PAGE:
SFTR is just the latest regulation to come to us down the conveyor belt, but when you add up the sum of all parts some institutions involved with the lending of securities might be inclined to reconsider their involvement with the market rather than face compliance with this ever-mounting stack of regulation. SFTR could be the catalyst for certain beneficial owners to exit the securities lending market, in particular those who don’t view the activity as a core revenue stream rather a form of enhanced custody. What we saw in the US is the industry is increasingly turning to vendors such as Pirum, with its pedigree in post-trade automation and ever growing role as a connectivity hub to help ease this continuing burden.

The other concerns we heard were around the failure of US lenders to supply all the required information to EU counterparts in a timely fashion and this leading to US lenders being deprioritised by EU counterparts. Importantly, there are also interpretation issues with regards to the margin lending activities of prime brokers. There’s really two issues here: firstly, increased reporting requirements for financing supplied to hedge fund clients; and secondarily, there remains some ambiguity around whether the movement of securities to the hedge fund for short coverage is a reportable transaction in its own right. This is a point that US prime brokers are seeking clarification on.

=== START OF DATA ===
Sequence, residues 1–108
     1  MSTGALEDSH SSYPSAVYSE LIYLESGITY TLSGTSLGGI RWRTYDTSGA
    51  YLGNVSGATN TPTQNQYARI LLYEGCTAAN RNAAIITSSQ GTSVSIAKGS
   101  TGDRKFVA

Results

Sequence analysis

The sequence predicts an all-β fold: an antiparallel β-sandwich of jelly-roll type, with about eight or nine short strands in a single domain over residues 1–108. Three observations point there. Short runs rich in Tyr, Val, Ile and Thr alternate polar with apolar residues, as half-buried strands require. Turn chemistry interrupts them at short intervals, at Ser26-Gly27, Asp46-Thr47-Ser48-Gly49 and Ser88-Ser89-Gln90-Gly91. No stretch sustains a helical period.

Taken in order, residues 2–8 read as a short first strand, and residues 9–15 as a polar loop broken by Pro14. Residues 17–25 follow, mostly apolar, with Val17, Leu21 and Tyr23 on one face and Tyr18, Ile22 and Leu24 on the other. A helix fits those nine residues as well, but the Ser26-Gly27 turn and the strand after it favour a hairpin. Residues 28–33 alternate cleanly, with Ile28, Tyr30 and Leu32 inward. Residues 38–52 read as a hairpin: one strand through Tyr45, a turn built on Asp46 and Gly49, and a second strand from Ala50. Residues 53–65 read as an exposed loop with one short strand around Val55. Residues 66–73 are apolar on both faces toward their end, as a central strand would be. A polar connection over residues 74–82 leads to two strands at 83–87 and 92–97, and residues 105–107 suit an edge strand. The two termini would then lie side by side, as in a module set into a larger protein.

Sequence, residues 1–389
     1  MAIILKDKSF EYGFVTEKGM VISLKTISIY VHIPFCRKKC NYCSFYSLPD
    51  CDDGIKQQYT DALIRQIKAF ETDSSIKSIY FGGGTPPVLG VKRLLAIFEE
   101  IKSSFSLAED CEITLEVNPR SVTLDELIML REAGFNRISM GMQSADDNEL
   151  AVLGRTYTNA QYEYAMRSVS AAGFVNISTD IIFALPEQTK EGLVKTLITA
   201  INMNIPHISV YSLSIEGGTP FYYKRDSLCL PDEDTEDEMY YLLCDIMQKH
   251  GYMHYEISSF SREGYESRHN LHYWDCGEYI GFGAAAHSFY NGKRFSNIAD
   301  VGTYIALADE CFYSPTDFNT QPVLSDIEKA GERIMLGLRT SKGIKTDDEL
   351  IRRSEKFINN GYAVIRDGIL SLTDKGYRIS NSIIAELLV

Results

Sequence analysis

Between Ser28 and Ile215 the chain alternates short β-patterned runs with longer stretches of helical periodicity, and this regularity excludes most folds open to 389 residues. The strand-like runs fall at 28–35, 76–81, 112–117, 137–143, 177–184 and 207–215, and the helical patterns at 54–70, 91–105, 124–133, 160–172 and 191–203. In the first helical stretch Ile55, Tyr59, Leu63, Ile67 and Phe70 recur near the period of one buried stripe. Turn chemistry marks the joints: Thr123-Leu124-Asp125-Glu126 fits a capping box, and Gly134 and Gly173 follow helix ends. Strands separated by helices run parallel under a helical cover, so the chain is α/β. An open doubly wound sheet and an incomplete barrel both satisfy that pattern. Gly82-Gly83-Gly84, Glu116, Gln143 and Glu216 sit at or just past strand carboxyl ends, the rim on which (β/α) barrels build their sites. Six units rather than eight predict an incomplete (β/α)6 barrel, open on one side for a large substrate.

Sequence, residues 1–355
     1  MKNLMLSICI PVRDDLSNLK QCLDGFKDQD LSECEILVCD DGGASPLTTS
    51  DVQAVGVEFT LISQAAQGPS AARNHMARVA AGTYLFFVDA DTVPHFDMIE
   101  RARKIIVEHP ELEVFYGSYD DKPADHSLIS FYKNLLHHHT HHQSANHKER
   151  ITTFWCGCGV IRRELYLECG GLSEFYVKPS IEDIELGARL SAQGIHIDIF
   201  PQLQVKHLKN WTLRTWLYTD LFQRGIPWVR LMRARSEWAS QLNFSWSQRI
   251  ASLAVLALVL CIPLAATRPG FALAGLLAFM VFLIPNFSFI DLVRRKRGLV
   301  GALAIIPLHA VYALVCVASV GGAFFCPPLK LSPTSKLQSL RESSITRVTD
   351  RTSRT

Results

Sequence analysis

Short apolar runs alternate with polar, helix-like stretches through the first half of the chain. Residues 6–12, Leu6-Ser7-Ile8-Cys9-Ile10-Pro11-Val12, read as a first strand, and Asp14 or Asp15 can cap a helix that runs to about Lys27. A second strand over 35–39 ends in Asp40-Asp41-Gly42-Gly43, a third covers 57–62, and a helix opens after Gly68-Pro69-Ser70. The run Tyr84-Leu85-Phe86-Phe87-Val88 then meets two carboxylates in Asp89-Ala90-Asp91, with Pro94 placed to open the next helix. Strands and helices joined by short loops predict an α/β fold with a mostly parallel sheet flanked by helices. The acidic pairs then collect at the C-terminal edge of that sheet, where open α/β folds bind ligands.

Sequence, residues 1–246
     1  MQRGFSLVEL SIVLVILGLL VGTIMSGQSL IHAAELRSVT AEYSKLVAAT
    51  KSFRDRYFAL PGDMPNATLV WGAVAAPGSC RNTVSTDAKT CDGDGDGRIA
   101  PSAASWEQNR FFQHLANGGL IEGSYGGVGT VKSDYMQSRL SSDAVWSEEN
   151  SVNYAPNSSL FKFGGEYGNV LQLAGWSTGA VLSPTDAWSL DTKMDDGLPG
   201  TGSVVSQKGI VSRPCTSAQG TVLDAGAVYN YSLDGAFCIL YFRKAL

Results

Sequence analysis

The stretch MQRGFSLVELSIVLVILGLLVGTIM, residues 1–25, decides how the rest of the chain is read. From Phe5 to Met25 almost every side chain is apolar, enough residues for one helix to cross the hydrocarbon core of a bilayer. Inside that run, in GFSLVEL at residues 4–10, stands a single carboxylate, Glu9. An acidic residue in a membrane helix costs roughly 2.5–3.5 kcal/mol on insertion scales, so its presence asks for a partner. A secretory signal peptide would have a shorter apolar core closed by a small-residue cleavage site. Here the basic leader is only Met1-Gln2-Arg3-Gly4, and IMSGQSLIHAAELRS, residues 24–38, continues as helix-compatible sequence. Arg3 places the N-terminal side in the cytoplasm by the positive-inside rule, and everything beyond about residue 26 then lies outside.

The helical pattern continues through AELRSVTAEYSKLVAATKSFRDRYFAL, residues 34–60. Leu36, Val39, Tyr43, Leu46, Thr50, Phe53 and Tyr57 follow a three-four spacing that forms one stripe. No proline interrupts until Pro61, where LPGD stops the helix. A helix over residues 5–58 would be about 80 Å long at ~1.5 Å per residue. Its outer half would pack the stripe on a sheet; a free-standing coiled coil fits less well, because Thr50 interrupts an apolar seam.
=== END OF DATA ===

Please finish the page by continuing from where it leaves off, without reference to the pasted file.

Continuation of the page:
What about S+1 collateral reporting requirements? Would the initial trade be reported T+1 (without the collateral data), and then the collateral information would be provided S+1 (which presumably is a later date in non-US trading markets)?

The European settlement model differs somewhat from the US. The EU model is generally one of T+2 settlement.